With acrimony -- and teachers watching -- Senate advances 1 percent raise

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With acrimony -- and teachers watching -- Senate advances 1 percent raise
Phil Kabler, Charleton Gazette-Mail

With more of a sense of acrimony than accomplishment, the West Virginia Senate passed 33-0, and sent to the House, Senate Bill 267, which gives teachers five consecutive 1 percent pay raises, while providing back-to-back 1 percent raises for other state employees and school service personnel.

Senate Democrats called the raises inadequate, and even insulting, while Republicans likened them to a “fiscally responsible” down payment for state workers, with the promise of larger increases down the road as the economy improves.

The nearly hour-long debate was intensified by the presence of schoolteachers, most dressed in red, who filled the Senate chamber’s three galleries but remained largely silent during the proceedings.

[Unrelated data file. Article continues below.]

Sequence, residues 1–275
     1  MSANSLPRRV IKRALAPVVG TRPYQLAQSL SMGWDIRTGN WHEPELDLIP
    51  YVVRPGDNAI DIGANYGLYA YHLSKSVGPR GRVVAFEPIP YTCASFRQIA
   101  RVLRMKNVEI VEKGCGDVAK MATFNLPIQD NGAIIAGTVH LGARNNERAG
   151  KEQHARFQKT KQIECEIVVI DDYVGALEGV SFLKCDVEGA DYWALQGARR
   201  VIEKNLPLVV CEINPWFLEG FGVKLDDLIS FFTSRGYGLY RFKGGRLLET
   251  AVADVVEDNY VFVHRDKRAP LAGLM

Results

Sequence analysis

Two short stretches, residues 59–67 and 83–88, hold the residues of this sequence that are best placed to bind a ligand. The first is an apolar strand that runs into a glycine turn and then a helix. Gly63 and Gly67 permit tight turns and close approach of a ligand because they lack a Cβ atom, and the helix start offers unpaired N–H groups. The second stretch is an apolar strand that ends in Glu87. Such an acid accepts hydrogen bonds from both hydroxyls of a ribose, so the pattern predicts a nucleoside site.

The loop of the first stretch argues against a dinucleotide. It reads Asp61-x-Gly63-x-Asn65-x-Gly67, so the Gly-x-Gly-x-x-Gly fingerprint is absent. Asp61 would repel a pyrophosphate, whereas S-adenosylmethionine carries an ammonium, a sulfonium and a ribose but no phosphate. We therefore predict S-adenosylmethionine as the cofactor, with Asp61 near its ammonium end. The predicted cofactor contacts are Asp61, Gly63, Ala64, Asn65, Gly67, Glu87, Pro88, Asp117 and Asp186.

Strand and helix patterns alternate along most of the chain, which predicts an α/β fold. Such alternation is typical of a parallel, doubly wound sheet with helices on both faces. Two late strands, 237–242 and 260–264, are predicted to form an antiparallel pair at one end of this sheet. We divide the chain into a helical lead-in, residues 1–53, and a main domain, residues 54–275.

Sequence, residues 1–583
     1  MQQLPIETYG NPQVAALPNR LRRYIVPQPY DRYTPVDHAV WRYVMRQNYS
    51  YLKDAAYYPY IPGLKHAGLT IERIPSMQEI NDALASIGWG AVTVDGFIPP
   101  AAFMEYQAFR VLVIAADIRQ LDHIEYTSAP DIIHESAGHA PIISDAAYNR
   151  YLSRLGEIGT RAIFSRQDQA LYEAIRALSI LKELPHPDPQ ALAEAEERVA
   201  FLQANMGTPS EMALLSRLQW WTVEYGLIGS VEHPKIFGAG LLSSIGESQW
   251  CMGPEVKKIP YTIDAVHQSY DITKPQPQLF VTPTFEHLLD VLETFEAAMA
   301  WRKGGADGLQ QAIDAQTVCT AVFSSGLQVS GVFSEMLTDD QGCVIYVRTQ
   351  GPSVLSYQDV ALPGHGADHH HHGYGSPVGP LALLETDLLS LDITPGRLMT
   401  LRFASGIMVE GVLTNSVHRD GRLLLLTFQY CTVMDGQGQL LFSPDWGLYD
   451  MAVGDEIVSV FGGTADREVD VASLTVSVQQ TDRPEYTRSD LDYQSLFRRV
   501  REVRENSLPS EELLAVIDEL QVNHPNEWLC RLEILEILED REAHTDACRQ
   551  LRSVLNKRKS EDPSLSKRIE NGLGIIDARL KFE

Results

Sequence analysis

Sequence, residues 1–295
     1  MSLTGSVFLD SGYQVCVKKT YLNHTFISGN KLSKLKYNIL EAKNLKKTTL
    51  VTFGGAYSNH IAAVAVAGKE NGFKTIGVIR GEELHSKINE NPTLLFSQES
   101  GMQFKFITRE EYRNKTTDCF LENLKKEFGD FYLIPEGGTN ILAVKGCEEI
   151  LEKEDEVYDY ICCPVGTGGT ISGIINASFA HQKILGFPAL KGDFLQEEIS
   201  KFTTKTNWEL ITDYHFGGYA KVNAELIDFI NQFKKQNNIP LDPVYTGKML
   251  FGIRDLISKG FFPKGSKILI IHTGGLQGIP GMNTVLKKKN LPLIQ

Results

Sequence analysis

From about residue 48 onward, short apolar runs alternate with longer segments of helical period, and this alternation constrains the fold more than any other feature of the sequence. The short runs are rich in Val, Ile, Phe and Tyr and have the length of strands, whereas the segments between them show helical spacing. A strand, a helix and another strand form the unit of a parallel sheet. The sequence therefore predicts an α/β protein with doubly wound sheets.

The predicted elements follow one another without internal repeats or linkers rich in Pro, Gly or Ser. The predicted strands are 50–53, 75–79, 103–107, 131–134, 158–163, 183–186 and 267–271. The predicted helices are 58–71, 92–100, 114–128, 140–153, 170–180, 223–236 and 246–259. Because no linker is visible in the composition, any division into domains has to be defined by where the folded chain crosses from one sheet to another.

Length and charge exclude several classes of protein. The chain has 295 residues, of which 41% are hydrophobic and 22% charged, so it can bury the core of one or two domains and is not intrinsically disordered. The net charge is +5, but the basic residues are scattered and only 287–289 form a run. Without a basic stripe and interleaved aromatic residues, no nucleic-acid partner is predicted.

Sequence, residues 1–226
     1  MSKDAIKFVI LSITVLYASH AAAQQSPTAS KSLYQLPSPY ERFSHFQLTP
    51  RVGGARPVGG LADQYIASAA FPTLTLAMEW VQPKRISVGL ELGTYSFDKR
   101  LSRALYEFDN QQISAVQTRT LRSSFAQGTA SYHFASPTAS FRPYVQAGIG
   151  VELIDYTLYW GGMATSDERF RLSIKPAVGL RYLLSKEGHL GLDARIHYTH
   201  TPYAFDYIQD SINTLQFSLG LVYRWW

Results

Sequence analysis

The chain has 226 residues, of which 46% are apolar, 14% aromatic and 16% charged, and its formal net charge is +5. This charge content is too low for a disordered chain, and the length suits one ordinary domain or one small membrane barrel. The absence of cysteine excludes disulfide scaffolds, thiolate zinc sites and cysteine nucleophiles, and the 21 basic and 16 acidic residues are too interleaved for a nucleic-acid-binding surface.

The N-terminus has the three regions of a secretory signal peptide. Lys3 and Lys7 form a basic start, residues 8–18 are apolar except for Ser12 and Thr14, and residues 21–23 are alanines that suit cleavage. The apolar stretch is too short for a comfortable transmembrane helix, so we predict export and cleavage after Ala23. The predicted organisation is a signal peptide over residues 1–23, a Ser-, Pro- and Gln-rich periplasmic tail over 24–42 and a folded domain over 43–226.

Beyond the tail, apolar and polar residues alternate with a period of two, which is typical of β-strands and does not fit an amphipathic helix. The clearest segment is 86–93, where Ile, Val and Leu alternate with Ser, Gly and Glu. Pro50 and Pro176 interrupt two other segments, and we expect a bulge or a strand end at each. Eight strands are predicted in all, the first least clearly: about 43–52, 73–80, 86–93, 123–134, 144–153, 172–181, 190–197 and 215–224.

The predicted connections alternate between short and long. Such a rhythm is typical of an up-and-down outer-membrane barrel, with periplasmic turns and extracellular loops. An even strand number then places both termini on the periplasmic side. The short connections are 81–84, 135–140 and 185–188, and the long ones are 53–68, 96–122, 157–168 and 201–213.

At several points during the debate, Senate Republicans accused Democrats of grandstanding by advocating for higher pay raises, contending that they missed multiple opportunities to maintain teacher pay, which has dropped to 48th in the United States, while they were the majority party in the years following the 1990 teachers’ strike.

“We all know that’s not enough,” Sen. Sue Cline, R-Wyoming, said of the 1 percent raises. “I’m personally so tired of hearing about how hardhearted I am, how mean I am.”

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